Tuesday, June 7, 2016

Virgin Atlantic Upper Class on an A330 - ATL-LHR: Review

Mrs. Points Ninja and I just returned from a trip to Old Blighty for the Chelsea Flower Show.  What a great time! I highly recommend the show and will be doing a review of it as well.

One of the reasons I was particularly looking forward to this trip was that we were flying on Virgin Atlantic in Upper Class from Atlanta to London, a first for me.  I booked using the last of my Delta Skymiles stash (courtesy of the Suntrust Delta Debit card), at 125,000 Skymiles per ticket.  Taxes and fees were around $300 each.

Our Upper Class ticket allowed us to use Delta's Lounge in ATL's Terminal F.  The Lounge was quite crowded, but with decent snacks and Sweetwater 420 on tap, it was better than sitting at the gate.

Just before boarding was scheduled to start, we headed over to the gate.  After a short wait, we boarded and headed up to our seats, 5K and 6K.  Virgin runs an A330 on this flight, and our plane had the (soon to be replaced) Upper Class "Dream" Suite.  Our crew was friendly and efficient, but nothing really stood out on that score.

All in all, I'm not a fan of these seats.  The herringbone pattern means that "window" seats don't have a view out of the window (unless you twist around) and the seats are a bit too open to the aisle to have any sense of privacy.  Generally, I prefer window seats.  However, in this cabin I'd recommend seats G and K for a couple travelling together.  If both are in K seats, it's quite difficult to have a conversation.

Waiting at our seats was an amenity kit:
The kit came in a nice little Herschel Supply Co. bag, but I preferred the kit on our return flight, which came in a fold-out toiletry bag.  The contents of both kits were the same, though: socks, an eyeshade, earplugs, toothbrush, toothpaste, VA pen,and Rituals handcream/facecream/lipbalm.  No comb, or hairbrush, though, so bring your own!

During boarding, champagne was served:

And pajamas were handed out.  On some airlines, the pajamas run a bit small, but, at 5'10", 180lbs, VA's XL fit me nicely.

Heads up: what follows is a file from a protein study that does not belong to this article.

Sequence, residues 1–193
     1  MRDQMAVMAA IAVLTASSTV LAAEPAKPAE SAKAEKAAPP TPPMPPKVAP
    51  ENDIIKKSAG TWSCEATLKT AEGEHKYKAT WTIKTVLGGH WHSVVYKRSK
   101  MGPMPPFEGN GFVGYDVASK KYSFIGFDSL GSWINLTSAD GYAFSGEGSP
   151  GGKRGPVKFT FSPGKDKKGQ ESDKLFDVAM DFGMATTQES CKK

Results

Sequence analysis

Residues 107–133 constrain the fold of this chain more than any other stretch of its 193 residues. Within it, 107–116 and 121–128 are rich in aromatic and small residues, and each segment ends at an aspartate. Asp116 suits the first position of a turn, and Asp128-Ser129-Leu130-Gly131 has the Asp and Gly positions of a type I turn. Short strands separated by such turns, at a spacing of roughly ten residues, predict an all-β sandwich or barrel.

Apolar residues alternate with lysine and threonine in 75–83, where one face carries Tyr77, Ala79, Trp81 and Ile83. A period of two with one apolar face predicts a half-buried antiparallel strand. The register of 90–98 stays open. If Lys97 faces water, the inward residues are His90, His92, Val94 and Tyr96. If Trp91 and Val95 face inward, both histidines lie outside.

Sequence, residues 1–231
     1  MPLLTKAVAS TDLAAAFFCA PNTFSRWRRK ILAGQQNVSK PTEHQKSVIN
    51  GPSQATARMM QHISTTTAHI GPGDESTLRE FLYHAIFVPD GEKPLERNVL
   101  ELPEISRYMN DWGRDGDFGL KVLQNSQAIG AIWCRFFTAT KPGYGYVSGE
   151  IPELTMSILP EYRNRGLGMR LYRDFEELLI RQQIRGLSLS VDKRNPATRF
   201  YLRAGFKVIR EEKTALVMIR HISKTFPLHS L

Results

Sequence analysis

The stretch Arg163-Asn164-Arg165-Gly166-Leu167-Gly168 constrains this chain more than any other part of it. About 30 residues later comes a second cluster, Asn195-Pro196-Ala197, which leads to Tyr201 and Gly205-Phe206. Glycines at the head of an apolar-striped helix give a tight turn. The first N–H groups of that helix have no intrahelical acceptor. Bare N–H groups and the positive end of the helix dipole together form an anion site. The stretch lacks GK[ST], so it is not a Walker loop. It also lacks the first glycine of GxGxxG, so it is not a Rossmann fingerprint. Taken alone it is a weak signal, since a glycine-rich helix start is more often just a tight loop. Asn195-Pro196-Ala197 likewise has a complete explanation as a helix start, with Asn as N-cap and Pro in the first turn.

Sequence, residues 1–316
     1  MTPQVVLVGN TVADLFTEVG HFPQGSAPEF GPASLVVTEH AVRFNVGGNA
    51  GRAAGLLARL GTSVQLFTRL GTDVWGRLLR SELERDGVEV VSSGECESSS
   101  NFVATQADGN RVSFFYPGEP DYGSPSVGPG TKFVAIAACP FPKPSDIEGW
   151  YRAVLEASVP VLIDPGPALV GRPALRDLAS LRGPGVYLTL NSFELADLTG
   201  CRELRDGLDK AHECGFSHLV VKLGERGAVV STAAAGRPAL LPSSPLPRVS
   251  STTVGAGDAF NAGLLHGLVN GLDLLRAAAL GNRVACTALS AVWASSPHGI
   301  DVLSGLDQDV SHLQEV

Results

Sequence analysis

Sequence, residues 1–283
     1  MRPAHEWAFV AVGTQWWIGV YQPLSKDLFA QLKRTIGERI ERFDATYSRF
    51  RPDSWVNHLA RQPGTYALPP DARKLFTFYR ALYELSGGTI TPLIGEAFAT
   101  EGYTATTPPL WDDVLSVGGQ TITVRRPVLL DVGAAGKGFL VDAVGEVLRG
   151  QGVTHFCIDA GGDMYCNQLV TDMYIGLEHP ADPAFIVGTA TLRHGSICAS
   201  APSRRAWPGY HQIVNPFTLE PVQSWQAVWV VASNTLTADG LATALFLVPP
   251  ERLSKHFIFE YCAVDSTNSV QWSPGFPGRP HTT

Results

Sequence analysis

Menus were already at our seats, so I had a look at what was on offer:

Before dinner, drinks and crisps were served.  I tried the cranberry martini, which was nothing special:

I selected the smoked salmon for my starter.  It was quite tasty and fairly well presented:
I do like Virgin's airplane-themed salt and pepper shakers, along with the fact that the "pinched from Virgin Atlantic" label shows that they know how irresistible they are as souvenirs.  Since it was an overnight flight, I tried to be good and picked the nicoise salad for my main.  It was surprising good, and I'd definitely pick it again.

For pudding, I tried the raspberry cheesecake.  As you can see, it looked good enough that I forgot to take a picture before starting!
Of course, my distractedness may have been due to the fact that was watching Deadpool by this point.
I found VA's "Vera" entertainment system to be quite clunky, though the selection was good.  There were 60 movies and a large number of TV shows (with a heavy British influence, natch) available.  Vera's touchscreen is less than useless.  Fortunately, the inseat remote works pretty well for controlling the entertainment system.

After dinner, I had the FA convert my seat to a bed (which involves flipping the seat over and adding a pad and duvet) and tried to get some sleep.  This is where the Dream Suite really failed me.  It's true "lie flat," but because the seat is flipped over rather than reclined into bed mode, there's no way to adjust your recline or to sit up in bed.  In most business and first cabins, the beds remain adjustable and it's easy to sit up to read or watch TV before going to sleep.  No such luck with VA. #firstworldproblems.

After some fitful sleep, I woke to tea and a bacon sandwich. The tea was good (as it should be on a British airline!) but the sandwich was so so.

While it's difficult to look out of the windows, the left side of the plane does have some good views of London on approach:

A final slip up by VA was the failure to hand out "fast track" immigration vouchers to Upper Class, which hadn't been loaded. We were instructed to just use our boarding card, but this didn't make the lady guarding the fast track queue very happy at all.  It took some persuasion to get her to let us through, but it was worth it to avoid a moderately crowded immigration queue.

All in all, the VA experience wasn't bad, but I prefer Delta's Business Elite (now "DeltaOne") service for TATL travel.


  1. The one time I flew VS Upper Class, I didn't love the seat, either. It felt tight and claustrophobic and I didn't like that you couldn't adjust the seat or see out the window.

  2. Agreed. I'd read that it was difficult to look out the windows, but didn't really appreciate how difficult until I boarded! The bed conversion process makes no sense to me at all, and the resulting lack of adjustability is a real minus.